Last week, the Brooklyn district attorney confirmed that prosecutors are investigating the circumstances surrounding the death of a two-week old infant who died last fall in Brooklyn after he contracted herpes from a religious circumcision at Maimonides Medical Center. As we noted, the case sounded eerily similar to that of Rabbi Yitzchok Fischer, a Rockland County mohel who was found to have given three babies herpes through the ritual several years ago. Prosecutors have noticed that as well, and just announced they were investigating Fischer in connection to the baby's death—and it turns out that Fischer has continued performing the controversial religious circumcisions despite a court order to stop.
Fischer remains prohibited by a 2007 court order from performing the metzizah b'peh ritual, in which a rabbi or mohel removes blood from the wound with his mouth. Fisher was sent a letter from the NY State Department of Health about it this week: “He was sent a letter reminding him the summary order is still in effect and that he cannot perform this ritual,” agency spokesman Michael Moran said. Moran added that Fischer is part of the overall investigation, given his past history.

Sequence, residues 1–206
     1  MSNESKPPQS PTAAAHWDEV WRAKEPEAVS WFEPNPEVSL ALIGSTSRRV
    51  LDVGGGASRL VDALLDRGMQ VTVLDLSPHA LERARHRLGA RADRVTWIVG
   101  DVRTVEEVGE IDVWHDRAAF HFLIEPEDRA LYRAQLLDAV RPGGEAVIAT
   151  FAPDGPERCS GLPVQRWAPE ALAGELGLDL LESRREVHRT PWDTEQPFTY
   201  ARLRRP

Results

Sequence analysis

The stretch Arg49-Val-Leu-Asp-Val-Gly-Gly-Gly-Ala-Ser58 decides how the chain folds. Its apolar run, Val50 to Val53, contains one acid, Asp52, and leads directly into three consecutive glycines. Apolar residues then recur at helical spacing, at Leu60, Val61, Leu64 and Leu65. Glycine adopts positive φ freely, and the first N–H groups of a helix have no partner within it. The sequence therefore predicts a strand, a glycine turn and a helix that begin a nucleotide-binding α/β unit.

The Jewish Week discovered recently that the medical protocol adopted in 2006 by the NY State DOH and the haredi community to prevent the transmission of herpes from the religious circumcisions was rescinded less than a year later due to internal politics. They also discovered that Fischer was still performing the ritual—they got taped conversations in which Fischer is heard scheduling a circumcision with a caller who asks him to perform metzitzah b’peh. On the recording, “Rabbi Fischer asks the caller whether the bris will take place ‘in Monsey or the city’, noting that he ‘can only do it in Rockland County.’”
On that last point, Failed Messiah notes it appears that Rockland Health Department Commissioner Dr. Joan Facelle may have illegally allowed Fischer to continue performing the circumcisions. If so, she can be criminally prosecuted by the state, and would be personally liable civilly if any babies were infected by Fischer.